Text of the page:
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    U.S. Congressman Roger Williams, R-Austin, right, receives a gift from Southwestern Adventist University President Dr. Ken Shaw during Williams May 29 visit to the campus. Williams toured the new Larry R. Moore Nursing and Administration building and spoke to about 100 attendees. BURLESON STAR/PAUL GNADT

U.S. Rep. Roger Williams visits SWAU

Southwestern Adventist University hosted a reception for U.S. Representative Roger Williams, R-Austin, May 29, in the Larry R. Moore Nursing and Administration Building.

The visit began with University President Dr. Ken Shaw welcoming the Congressman to the campus and bringing him to his office. Shaw and Williams traded baseball stories alongside parts of their life stories. Shaw asked Representative Williams to share his story centered on that tragic practice session for the annual Congressional Baseball Game for Charity back in 2017. Williams said that was a “life-changing” day and did not know whether he would make it out alive, but after surviving, he knows one thing for sure: “God is in charge.”

Following their meeting, nursing department chair, Dr. Kerrie Kimbrow, and Dr. Shaw gave Williams a tour of the newly constructed state-of-the-art facility which concluded with a public address from Williams that centered on the economy, border patrol, and education.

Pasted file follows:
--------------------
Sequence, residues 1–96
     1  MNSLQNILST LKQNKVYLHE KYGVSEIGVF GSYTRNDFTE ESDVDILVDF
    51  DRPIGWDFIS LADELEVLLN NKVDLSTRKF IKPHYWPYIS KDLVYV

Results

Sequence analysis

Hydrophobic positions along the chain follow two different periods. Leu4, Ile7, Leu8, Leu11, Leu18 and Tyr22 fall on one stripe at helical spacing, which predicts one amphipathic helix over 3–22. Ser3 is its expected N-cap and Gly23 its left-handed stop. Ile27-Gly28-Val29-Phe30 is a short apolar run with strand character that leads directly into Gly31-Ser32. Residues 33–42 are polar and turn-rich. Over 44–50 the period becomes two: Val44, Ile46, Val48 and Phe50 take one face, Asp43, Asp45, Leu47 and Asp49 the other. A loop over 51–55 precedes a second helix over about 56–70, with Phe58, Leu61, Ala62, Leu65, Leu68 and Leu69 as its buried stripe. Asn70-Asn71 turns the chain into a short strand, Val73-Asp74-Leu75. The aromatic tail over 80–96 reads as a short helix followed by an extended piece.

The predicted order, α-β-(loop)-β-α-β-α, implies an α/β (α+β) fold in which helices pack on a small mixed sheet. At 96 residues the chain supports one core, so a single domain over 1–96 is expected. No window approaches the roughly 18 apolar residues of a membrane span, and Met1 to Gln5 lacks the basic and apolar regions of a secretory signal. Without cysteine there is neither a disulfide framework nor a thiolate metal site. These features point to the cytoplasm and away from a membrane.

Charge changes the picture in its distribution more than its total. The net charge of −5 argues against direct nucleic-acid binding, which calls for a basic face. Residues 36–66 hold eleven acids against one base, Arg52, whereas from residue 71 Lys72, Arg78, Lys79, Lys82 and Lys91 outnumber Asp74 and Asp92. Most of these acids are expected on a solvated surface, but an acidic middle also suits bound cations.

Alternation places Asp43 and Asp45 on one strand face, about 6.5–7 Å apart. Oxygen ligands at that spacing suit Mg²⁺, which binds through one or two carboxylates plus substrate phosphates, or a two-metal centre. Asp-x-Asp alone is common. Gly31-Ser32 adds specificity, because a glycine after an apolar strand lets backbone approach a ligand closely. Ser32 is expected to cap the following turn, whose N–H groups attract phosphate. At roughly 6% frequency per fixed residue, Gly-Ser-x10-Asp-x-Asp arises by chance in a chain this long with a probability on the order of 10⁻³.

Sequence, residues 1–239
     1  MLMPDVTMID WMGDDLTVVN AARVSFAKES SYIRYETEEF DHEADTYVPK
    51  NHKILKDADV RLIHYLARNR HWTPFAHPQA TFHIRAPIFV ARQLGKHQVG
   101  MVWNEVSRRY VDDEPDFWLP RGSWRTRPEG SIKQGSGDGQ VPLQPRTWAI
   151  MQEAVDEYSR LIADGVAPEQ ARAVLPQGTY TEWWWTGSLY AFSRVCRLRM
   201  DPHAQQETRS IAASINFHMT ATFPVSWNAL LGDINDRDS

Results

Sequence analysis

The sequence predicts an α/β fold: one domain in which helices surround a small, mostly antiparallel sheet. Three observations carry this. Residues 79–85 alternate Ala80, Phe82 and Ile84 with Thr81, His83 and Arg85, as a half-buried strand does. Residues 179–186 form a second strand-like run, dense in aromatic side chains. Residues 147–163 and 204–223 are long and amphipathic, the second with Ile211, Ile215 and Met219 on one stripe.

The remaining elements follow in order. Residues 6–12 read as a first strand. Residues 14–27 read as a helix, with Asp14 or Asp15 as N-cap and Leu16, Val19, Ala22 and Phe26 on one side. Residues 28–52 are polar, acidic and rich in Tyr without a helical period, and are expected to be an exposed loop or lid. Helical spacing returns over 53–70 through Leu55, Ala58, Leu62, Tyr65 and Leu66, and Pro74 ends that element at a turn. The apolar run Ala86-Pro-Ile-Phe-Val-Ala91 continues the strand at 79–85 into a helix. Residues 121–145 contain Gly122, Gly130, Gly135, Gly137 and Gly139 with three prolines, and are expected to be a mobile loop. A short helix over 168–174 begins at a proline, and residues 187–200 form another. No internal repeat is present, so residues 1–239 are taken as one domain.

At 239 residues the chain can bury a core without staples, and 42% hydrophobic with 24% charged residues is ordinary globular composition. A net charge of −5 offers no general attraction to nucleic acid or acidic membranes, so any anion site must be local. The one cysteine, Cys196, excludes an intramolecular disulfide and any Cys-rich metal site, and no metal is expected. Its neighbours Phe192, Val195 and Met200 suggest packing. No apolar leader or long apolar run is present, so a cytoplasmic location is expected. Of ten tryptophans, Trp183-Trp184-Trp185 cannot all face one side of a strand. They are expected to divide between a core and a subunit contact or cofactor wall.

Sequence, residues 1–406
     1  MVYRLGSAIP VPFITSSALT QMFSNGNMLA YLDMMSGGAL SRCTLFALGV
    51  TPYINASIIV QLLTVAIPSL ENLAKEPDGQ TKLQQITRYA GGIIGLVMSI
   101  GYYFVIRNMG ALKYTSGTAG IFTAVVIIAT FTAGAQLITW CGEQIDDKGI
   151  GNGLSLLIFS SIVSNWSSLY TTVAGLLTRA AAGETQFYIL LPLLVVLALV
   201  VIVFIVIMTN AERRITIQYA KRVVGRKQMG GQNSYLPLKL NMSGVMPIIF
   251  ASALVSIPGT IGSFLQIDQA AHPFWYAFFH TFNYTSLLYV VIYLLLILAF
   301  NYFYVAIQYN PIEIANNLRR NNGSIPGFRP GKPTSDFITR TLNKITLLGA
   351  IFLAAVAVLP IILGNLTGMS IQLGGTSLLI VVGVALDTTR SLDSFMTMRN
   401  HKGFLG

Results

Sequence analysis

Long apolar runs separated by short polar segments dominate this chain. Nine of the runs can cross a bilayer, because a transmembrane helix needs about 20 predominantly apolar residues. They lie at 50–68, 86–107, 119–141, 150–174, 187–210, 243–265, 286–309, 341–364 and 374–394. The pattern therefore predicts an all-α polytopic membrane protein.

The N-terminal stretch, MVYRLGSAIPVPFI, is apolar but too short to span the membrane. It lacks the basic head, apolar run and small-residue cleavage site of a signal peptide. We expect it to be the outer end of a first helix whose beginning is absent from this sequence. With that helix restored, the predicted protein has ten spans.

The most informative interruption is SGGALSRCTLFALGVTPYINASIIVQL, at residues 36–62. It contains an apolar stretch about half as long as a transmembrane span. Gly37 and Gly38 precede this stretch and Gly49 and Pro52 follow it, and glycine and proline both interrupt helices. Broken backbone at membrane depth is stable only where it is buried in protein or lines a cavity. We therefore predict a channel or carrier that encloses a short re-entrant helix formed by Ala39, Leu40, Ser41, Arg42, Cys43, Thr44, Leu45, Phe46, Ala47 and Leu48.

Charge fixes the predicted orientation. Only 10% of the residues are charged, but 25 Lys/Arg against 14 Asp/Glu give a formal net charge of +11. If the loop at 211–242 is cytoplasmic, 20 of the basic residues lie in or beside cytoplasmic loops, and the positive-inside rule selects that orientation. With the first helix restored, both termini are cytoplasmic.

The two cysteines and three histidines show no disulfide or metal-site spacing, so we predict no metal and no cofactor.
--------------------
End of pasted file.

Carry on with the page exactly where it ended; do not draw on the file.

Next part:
Speaking on the important role of education, Williams expressed admiration of Southwestern Adventist University’s newest structure, whose primary purpose is to train nurses. “We need nurses more than ever in this country,” he said, adding that there is currently a “huge shortage.”

“We have 100,000 kids dropping out of school right here in Texas. They are losing hope because they say ‘I can’t be a doctor, I can’t be a businessman, I can’t be a lawyer.’ For a long time I have been a big proponent… of saying, ‘It is okay to be a carpenter, it is okay to be a welder, it is okay to be a nurse.’”

Williams himself can relate to going into a field he did not initially plan for. “I don’t ever remember thinking ‘I want to be a congressman,’” Williams said, “but life takes us in directions we don’t always expect.”

Williams concluded his remarks by stating that “America is the greatest country,” and Americans have the responsibility to be a “beacon” in a dark world.

To his audience at Southwestern Adventist University, which included Southwestern Adventist University faculty and staff as well as community leaders, Williams said, “I am thankful for all you do to make Texas the greatest state in America, the greatest country in the world….  When I get up to D.C. and talk about my district, I can talk about this great school. You all can be proud.”

Burleson Star

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